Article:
Take the 2-minute tour ×
Stack Overflow is a question and answer site for professional and enthusiast programmers. It's 100% free, no registration required.

I have an array with let's say, 500 elements. I know I can select the first 100 by doing .first(100), my question is how do I select elements from 100 to 200?

share|improve this question
possible duplicate of Returning a part of an array in Ruby –  Pavel Shved Aug 19 '10 at 19:25
add comment

5 Answers 5

up vote 19 down vote accepted

You can use ranges in the array subscript:

share|improve this answer
You can also do negative ranges as well: arr[100..-50] would get the 100th element through the 450th element, in the case of a 500 element array. –  Dan Heberden Dec 14 '11 at 22:24
add comment

You can do it like this:

array[100..200] # returns the elements in range 100..200
# or
array[100,100] # returns 100 elements from position 100

More Information

share|improve this answer
add comment

dvcolgan’s answer is right, but it sounds like you might be trying to break your array into groups of 100. If that’s the case, there’s a convenient built-in method for that:

nums = (1..500).to_a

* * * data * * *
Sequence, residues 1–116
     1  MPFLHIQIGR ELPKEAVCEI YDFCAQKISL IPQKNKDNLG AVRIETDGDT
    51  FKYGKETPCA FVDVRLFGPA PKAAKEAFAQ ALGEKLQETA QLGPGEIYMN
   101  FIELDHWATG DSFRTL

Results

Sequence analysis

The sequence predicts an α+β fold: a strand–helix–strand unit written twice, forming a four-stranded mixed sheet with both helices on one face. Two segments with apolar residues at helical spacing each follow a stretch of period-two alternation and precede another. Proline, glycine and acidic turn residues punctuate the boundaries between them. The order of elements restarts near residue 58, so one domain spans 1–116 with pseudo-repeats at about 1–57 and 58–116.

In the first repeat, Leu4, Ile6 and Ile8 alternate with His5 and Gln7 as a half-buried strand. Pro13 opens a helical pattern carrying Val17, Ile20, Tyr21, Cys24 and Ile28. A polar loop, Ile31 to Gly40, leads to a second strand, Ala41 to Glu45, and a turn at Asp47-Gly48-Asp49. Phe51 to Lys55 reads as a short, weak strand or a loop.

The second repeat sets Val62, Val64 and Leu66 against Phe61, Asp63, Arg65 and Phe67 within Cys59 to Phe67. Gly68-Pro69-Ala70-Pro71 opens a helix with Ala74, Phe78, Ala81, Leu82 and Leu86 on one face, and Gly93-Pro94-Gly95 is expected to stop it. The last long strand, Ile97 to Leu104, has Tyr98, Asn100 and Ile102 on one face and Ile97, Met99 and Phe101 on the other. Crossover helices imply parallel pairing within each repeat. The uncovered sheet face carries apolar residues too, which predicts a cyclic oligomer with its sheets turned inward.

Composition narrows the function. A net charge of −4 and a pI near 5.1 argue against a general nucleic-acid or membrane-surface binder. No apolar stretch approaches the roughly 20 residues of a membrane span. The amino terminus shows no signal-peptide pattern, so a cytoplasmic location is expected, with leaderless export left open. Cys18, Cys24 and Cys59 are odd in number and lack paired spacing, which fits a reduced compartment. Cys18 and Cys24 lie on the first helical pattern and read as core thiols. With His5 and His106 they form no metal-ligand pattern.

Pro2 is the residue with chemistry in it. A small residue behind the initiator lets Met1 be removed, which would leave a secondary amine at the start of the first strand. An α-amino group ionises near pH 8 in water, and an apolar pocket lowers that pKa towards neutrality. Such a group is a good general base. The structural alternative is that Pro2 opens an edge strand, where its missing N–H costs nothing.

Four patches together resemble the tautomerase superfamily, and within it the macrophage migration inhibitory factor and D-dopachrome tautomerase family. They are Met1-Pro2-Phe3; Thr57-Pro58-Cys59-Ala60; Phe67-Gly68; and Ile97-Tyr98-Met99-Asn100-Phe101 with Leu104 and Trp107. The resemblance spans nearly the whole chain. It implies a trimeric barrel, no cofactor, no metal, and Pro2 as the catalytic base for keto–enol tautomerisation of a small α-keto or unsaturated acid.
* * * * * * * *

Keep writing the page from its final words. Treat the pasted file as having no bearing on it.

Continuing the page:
nums.each_slice(100) do |slice|
  puts slice.size

# => 100, 100, 100, 100, 100
share|improve this answer
add comment
sample_array = (1..500).to_a
elements_100_to_200 = sample_array[100..200]

You can pass a range as index to an array and get a subarray with the queried elements from that subrange.

share|improve this answer
add comment
new_array = old_array.first(200) - old_array.first(100)
share|improve this answer
That makes sense :). I was wondering if there was a method for this –  deb Aug 19 '10 at 19:19
That one creates two temporary arrays and then does a set difference... not space and time efficient, I think. –  DarkDust Aug 19 '10 at 19:20
your right. I'm on a win box and don't have ruby on it so I couldn't try other solutions in irb. I also thought about array.find(100..200) but I don't know if it accepts ranges. Try it out. –  Dark Passenger Aug 19 '10 at 19:30
If you don't have ruby at your hand, take al look at this: TryRuby.org –  jigfox Aug 20 '10 at 8:09
Oh, Thanks! Awesome. –  Dark Passenger Aug 20 '10 at 16:30
add comment

Your Answer


By posting your answer, you agree to the privacy policy and terms of service.

Not the answer you're looking for? Browse other questions tagged or ask your own question.